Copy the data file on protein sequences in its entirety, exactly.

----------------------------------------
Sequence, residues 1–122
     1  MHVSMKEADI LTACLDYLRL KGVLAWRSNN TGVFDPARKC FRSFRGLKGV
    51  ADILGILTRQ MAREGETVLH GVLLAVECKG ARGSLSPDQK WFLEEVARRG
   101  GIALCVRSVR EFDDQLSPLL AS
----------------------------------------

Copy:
Sequence, residues 1–122
     1  MHVSMKEADI LTACLDYLRL KGVLAWRSNN TGVFDPARKC FRSFRGLKGV
    51  ADILGILTRQ MAREGETVLH GVLLAVECKG ARGSLSPDQK WFLEEVARRG
   101  GIALCVRSVR EFDDQLSPLL AS